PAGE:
It’s important to discuss the stigmatization of the mentally ill when talking about mental health. According to a 2002 study about the impact of stigma on people with mental illness, mentally ill people are “robbed of the opportunities that define a quality life: good jobs, safe housing, satisfactory health care, and affiliation with a diverse group of people.” Alarmingly, “43.7 million” Americans struggle with a mental health condition each year, and unfortunately, only one out of five will receive the treatment they need, according to Mental Health America (MHA).

So how can people combat this stigmatization? It starts with education and creating a dialogue.

Here’s how Boston’s McLean Hospital is leading by example.

In October of 2015, McLean’s Senior Director of Public Affairs and Communications, Adriana Bobinchock, was visiting Alcatraz Island National Park in California. The park was hosting an art exhibit called “Prisoners of Age,” which Bobinchock referred to as “a thought-provoking, haunting, honest, and engaging look at the justice system as told through the stories of aging prisoners.”

Overcome with compassion and empathy for the prisoners featured in the exhibit – people “who would normally be overlooked by most” – Bobinchock and her future co-founder formed the idea of the project they would come to call Deconstructing Stigma. Deconstructing Stigma is a Boston-based mental health campaign that aims “to get people to reconsider how they perceive mental illness and to recognize that the biased portrayal of those with psychiatric disorders in pop culture is inaccurate.” Using larger than life portraits coupled with personal narratives, Deconstructing Stigma was first unveiled at Logan Airport.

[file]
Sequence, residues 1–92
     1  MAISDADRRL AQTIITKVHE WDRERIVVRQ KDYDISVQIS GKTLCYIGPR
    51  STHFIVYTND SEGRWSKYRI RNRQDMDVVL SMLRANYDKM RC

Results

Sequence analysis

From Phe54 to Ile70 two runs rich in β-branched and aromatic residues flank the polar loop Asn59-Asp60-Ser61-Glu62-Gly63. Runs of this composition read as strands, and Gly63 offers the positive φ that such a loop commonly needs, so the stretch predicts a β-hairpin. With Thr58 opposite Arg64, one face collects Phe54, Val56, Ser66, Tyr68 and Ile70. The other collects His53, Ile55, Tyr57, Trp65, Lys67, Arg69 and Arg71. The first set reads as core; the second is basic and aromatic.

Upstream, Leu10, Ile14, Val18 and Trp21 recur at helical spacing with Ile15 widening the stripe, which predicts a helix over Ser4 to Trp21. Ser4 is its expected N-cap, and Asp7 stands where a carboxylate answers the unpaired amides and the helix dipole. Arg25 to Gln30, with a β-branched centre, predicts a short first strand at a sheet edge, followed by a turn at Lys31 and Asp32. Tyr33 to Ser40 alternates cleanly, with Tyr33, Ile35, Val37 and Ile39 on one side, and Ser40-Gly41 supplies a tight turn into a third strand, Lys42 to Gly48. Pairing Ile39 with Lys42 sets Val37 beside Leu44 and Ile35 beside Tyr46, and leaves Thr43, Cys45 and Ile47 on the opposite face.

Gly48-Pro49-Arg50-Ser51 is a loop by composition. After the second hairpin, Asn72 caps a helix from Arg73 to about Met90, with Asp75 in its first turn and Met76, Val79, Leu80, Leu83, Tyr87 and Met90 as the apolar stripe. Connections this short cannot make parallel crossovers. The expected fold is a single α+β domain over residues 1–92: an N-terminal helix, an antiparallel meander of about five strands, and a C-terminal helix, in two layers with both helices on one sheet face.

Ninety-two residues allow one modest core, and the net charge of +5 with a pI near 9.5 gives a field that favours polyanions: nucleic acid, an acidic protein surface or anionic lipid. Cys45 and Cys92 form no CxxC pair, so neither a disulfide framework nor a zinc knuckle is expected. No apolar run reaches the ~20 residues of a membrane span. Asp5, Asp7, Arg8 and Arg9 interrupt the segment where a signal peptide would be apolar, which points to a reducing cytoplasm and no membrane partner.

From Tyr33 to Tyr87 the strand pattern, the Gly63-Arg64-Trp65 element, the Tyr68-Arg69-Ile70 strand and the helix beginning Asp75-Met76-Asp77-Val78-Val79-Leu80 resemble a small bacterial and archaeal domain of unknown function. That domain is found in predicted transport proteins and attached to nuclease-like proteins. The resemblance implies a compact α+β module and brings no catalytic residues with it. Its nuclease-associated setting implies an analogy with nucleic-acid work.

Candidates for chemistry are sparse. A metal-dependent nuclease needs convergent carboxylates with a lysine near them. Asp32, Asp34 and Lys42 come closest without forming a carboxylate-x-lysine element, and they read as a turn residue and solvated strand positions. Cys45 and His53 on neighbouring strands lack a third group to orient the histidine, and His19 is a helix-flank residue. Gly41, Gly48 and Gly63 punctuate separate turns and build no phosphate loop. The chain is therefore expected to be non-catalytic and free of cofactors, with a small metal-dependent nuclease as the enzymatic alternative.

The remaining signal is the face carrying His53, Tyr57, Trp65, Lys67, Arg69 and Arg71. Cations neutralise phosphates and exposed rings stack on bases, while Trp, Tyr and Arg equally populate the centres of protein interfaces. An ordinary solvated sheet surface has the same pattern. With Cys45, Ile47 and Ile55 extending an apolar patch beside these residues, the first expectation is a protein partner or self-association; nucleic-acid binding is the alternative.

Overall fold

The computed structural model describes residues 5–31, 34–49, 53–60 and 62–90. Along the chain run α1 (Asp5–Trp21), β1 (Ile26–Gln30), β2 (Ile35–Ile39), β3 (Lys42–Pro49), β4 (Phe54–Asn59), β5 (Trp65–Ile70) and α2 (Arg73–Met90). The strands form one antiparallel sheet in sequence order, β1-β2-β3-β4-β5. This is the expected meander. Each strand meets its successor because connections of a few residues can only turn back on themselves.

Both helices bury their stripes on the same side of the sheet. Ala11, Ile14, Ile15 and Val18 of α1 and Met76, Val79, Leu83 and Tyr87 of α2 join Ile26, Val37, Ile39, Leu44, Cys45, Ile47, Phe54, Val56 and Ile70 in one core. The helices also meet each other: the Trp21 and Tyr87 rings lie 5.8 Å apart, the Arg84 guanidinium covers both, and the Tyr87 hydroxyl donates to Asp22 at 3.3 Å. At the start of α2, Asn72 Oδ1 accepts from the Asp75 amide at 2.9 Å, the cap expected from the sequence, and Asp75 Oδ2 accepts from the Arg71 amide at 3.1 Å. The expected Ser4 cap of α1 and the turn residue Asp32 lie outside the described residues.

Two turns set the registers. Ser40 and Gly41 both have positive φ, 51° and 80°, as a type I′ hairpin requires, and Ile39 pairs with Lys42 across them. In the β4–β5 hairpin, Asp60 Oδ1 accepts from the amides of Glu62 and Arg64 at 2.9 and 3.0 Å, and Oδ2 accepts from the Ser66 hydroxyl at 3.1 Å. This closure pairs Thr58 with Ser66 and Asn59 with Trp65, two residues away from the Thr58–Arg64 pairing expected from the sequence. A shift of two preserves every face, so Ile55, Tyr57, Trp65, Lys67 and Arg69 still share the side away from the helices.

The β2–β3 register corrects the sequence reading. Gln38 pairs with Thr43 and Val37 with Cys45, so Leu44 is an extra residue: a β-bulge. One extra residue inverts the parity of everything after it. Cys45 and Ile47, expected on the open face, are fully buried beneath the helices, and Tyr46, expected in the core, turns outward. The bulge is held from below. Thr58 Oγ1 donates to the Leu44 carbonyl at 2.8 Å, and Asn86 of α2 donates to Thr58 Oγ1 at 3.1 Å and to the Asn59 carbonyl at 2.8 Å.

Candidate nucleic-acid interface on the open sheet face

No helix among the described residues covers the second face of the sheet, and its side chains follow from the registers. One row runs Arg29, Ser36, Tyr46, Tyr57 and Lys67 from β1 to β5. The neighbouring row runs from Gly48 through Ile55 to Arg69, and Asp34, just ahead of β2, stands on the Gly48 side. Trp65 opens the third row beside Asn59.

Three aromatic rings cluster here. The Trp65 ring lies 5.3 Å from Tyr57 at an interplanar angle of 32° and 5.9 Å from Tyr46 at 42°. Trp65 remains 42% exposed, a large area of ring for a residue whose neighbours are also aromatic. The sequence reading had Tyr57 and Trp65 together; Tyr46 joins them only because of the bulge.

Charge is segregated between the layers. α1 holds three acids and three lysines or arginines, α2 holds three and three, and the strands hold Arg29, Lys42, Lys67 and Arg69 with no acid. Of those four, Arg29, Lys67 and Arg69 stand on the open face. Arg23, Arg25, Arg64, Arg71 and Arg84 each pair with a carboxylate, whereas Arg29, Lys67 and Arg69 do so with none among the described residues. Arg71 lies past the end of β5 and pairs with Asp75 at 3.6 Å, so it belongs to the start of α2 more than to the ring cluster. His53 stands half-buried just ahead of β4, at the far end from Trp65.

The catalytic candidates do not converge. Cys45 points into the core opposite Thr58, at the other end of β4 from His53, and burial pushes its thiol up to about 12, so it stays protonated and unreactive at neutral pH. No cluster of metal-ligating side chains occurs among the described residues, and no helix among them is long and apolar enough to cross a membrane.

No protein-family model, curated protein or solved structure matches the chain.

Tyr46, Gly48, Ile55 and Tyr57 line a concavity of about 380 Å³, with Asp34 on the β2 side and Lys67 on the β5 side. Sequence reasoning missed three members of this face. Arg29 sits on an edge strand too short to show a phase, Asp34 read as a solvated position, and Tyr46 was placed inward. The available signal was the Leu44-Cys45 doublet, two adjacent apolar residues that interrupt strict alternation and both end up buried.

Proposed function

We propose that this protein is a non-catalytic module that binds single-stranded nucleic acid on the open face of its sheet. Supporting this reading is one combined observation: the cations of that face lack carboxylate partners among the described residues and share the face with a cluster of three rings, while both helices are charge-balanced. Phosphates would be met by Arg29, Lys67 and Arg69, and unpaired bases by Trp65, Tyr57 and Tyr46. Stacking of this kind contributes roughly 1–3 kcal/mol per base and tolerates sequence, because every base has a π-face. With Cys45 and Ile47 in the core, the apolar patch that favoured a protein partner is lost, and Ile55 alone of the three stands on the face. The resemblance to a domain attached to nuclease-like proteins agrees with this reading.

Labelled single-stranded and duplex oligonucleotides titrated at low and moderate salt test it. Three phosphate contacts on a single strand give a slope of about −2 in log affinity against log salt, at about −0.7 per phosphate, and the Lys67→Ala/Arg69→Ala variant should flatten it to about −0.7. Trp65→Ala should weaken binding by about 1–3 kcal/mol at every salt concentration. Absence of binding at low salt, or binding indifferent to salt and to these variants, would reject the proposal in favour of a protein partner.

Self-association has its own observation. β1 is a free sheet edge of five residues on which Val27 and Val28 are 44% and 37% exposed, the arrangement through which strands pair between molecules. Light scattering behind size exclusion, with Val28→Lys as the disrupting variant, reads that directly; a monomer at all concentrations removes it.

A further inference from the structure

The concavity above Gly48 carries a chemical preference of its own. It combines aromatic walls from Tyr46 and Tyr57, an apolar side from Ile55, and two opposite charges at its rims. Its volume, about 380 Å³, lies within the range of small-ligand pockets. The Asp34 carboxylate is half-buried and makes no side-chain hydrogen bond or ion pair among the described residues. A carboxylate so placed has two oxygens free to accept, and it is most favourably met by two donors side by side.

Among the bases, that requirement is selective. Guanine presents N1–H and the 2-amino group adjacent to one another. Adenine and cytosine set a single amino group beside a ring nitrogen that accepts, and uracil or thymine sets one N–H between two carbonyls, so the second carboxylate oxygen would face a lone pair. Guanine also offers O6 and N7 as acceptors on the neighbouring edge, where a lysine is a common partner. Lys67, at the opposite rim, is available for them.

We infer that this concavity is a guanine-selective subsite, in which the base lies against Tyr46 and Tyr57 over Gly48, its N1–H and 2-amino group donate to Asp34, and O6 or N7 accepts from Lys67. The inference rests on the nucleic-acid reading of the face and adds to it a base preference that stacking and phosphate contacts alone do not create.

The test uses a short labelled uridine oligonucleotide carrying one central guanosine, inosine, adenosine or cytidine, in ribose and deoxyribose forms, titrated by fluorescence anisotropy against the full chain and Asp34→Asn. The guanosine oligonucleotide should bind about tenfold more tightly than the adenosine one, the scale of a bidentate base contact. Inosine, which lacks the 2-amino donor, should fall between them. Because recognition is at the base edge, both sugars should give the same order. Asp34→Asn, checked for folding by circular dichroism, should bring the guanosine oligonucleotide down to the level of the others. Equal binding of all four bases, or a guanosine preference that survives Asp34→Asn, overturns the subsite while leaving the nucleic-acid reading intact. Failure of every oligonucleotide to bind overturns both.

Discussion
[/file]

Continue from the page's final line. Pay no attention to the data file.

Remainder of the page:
Photo courtesy McLean Hospital

Bobinchock explained that she “felt that telling the personal stories of people affected by mental illness — also a segment of the American population that is often overlooked — coupled with larger-than-life portraits, would provoke conversations about the misconceptions surrounding mental illness and the stigma related to those affected by it.” 

With that premise in mind, Bobinchock pitched the idea to President and Psychiatrist In Chief, Dr. Scott Rauch, who received the idea gladly. He then approached Logan Airport. Luckily, “airport staff enthusiastically embraced the idea,” and Bobinchock and her co-founder were off and running. Bobinchock said that “from getting the green light to move forward to installing at Logan Airport, the development of the campaign took 10 months” and hundreds of volunteers. Bobinchock said her team was “determined to make a difference in the lives of other people affected by mental illness. And so were we.”

Fortunately, Bobinchock said that, overall, feedback has been “overwhelmingly positive.” She receives regular emails and phone calls from people who have seen the campaign and want to thank her for her work. She also noted that she’s proud because she and her team have “been recognized by national organizations for moving the conversation about mental health forward.”

Deconstructing Stigma was presented with the Lifesaver Award from the Boston chapter of the American Foundation for Suicide Prevention, a Gold Stevie for Healthcare Campaign of the Year from the American Business Association, and a Bronze Bell from the Publicity Club of New England for Non-Profit Campaign of the Year. In response to these accolades, Bobinchock said, “We could have never predicted the level of response that we have received for Deconstructing Stigma, but we are grateful for it.”

Now, as Deconstructing Stigma prepares for the second phase of its campaign and more venues are hoping to exhibit their work, Bobinchock explained she wants “to continue to spark conversation about mental health in unexpected places—like airports and public venues.” Though she’s already achieved a number of her goals, she noted, “there is so much more work that can and needs to be done” and revealed that one of the biggest goals of Deconstructing Stigma is to “install this campaign in as many locations across the United States” as possible.

Bobinchock's advice for those currently struggling with mental illness or feeling stigmatized is to “confide in a close friend or loved one, or seek out a peer support group that will allow you to talk freely about how you feel.” She added that “There are way more people out there who want to support you than you may realize” and emphasized that everyone is affected by mental illness whether they know it or not.

To learn more about Deconstructing Stigma, or to participate in future phases of the campaign, visit